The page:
The Swift Type System is Not Your Friend (yet)

In OOP systems (and let’s be frank, Swift is an OOP system with functional aspirations), there are two general categories of languages. Those in which all objects descend from a single class and those which have a more disparate set of types. In .NET, Object is at the root and has a minimal set of methods for common behaviors (8 methods, to be precise). In general, there are two varieties of types in .NET: objects and value types, but all value types can be boxed into objects and can then be treated as objects.

This is not the case in Swift. Swift has the following varieties of types:

  • Value types (scalars, structs, enums, optionals, exceptions)
  • Reference types (objects)
  • Protocol lists
  • Tuples
  • Closures
  • Metatypes

Unfortunately, these types don’t always share things in common. Commonality and uniformity are a nice thing across members of a type system, which is why I prefer the .NET/JVM monolithic type system.

Today, in particular, I’m going to pick on the Swift Dictionary type. A dictionary is a mapping of keys to values using a mapping function of some kind, usually a hash function. In .NET/JVM, this is easy because every object implements Equals() and GetHashCode()/HashCode(), which is all you need to implement a hash table with collision resolution. In Swift, a dictionary is not simply a generic collection Dictionary<TKey, TValue>. It’s a little more complicated. TKey must conform to the protocols Hashable and Equatable (or having a global operator ==).

And that’s all well and good, but that means that you can only put things into a dictionary that implement those protocols.

Now consider that you have a system that must respond to arbitrary types and you want to build a dictionary of types mapped onto response functions. But you can’t do this. At least not directly. This is because metatypes aren’t objects and don’t adopt protocols. You’re not fully SOL because you can substitute ObjectIdentifier(metatype), but that means an extra object/value. Guh. What else can’t go into dictionaries? Tuples. Tuples can’t go into dictionaries. Probably because tuples can’t guarantee that all their elements implement Hashable and Equatable.

The problem, honestly, is entirely in the hands of the implementation of Dictionary. The dictionary implementation should really look something like this:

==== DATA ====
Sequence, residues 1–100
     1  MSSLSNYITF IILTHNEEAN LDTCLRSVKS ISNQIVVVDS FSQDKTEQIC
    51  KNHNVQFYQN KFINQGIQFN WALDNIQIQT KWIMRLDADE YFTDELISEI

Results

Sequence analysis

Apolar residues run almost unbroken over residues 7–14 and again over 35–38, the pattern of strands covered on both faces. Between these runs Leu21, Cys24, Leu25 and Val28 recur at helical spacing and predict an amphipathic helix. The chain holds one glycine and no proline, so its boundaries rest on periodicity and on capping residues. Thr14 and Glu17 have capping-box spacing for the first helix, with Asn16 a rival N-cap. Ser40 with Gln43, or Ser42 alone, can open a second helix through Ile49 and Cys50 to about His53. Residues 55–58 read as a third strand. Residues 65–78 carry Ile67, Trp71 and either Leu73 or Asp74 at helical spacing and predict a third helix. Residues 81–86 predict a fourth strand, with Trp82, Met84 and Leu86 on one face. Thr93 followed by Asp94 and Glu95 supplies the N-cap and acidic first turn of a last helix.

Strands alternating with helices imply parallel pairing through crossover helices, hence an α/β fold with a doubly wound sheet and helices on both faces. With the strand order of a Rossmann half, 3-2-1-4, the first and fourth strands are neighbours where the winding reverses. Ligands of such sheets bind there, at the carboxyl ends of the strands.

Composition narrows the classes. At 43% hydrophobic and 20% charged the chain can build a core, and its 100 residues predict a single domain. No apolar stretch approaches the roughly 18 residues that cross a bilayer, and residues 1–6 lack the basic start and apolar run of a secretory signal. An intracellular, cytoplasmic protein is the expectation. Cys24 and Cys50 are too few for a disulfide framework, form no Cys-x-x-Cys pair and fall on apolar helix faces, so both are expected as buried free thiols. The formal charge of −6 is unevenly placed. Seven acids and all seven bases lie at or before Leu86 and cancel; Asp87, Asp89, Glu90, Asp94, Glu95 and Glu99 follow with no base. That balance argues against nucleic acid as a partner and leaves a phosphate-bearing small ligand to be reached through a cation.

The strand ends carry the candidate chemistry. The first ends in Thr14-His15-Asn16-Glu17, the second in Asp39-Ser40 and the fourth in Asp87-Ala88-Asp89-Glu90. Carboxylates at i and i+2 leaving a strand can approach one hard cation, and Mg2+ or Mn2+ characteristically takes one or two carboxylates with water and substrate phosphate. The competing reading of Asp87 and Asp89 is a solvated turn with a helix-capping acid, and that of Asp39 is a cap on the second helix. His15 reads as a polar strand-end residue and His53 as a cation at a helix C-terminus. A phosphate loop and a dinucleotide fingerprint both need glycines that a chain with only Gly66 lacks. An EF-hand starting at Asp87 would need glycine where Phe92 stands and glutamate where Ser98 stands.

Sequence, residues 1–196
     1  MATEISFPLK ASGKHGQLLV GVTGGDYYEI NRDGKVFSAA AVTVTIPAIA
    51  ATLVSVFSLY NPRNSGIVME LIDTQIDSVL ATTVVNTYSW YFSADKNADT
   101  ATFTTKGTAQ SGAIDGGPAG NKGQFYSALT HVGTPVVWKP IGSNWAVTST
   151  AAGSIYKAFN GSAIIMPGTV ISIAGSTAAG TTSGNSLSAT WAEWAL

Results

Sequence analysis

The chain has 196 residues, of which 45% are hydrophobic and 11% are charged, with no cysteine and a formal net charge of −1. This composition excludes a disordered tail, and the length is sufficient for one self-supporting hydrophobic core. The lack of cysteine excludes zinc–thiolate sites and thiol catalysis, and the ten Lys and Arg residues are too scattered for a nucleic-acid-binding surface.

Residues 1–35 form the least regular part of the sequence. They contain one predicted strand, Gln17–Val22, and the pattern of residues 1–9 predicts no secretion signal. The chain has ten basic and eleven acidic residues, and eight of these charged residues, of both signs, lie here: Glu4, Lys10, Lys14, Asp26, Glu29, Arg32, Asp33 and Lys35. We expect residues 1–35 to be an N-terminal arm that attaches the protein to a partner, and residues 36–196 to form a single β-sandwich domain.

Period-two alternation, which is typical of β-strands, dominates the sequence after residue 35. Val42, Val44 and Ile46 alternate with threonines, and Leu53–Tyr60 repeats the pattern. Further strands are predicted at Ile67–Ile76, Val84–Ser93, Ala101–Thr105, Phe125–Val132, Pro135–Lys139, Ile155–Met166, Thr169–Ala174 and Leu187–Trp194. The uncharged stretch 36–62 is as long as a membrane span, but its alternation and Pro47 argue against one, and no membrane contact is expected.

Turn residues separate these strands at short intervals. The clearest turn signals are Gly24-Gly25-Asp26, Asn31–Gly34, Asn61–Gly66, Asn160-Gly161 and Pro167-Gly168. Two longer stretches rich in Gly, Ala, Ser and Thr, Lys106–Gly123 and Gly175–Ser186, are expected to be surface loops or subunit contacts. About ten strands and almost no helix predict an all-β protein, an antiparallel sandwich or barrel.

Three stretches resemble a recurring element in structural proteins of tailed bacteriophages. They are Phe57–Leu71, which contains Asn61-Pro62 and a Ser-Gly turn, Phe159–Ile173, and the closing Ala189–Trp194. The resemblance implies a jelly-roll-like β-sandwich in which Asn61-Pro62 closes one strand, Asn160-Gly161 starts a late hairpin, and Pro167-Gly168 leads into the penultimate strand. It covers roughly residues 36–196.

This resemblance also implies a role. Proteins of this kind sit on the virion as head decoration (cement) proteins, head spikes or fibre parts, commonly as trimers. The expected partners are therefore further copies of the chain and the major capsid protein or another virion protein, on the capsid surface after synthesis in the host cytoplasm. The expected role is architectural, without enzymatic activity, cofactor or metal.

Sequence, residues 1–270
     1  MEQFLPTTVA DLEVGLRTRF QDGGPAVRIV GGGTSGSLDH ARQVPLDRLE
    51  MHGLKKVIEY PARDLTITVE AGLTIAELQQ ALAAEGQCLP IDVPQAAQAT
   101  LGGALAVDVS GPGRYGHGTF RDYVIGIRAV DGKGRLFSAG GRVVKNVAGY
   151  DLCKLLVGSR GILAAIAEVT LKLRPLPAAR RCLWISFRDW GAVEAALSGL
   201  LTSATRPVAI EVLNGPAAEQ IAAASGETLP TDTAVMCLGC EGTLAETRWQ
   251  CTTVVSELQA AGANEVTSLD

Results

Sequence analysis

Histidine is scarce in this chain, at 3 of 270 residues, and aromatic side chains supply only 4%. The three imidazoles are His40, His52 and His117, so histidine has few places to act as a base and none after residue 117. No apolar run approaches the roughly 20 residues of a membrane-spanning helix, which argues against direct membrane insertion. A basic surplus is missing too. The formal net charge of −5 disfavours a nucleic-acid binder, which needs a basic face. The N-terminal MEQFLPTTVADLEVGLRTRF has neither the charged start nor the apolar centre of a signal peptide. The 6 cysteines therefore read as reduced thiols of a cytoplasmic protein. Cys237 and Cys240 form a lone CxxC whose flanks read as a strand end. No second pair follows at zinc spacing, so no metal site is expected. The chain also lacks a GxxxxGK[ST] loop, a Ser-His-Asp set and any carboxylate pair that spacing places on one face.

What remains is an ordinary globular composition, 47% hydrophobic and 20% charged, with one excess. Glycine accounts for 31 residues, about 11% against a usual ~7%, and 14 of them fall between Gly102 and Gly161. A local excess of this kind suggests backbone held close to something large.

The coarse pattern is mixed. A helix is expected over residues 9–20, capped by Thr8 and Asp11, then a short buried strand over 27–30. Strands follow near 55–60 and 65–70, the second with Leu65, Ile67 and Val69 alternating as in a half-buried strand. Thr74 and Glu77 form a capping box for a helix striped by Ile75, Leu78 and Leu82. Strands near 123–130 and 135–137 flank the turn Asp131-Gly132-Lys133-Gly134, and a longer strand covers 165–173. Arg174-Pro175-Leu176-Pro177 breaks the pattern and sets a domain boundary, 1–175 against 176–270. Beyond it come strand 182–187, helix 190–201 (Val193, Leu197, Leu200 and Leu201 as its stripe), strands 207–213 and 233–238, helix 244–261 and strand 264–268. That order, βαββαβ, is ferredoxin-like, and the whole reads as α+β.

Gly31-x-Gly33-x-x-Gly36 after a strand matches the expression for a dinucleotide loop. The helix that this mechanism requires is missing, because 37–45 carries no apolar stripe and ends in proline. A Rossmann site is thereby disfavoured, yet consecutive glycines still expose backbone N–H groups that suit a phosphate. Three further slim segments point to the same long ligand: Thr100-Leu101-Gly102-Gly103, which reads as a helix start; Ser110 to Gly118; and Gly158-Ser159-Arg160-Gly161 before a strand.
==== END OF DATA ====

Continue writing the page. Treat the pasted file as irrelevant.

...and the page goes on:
public class Dictionary<T, U> {
    public Dictionary(capacity:int, hasher: T->Int, comparer: (T,T)->Bool) { /* ... */ }
}

Now mind you, the Swift thing to do is to use a struct type with copy-on-write semantics, but the important thing is the constructor, into which you pass in your own hash function and your own comparer. With this type of constructor, you can put anything into a dictionary that you want as long as you pass in right closures. On top of that, the compiler which gives you sweet syntactic sugar on top of dictionary will still work if your type implements hashable and equatable because it can use use closures that adapt onto Hashable and Equatable.

Still, the non-uniformity of Swift types is maddening. Depending on the module writers to “just do the right thing” is exactly the wrong approach. How can we expect 3rd party authors to do the right thing when Apple doesn’t? But perhaps Apple will fix the core types. Apple has been rather blithe about breaking compatibility with every release of Swift and they could fix Dictionary, Tuple and Metatype if they wanted to.

 

One thought on “The Swift Type System is Not Your Friend (yet)”

  1. Passing the hashing function and comparator to the Dictionary constructor means that any code that gets two Dictionary values cannot statically know whether they are compatible or not. That sort of static knowledge is essential for writing correct code. Sometimes it is also essential for efficiency (for example implementing set union using a hedge union algorithm for functional data structures)

    Standard ML gets this right with generative functors – when you instantiate the Dictionary functor you give it not only the key and value types, but also the comparison operation. Two instantiations define distinct types.

    Haskell goes in a different direction (requiring unique instances for types) but the end result is the same – given two values of a polymorphic type you know that the operations on the type parameters of that type are the same.

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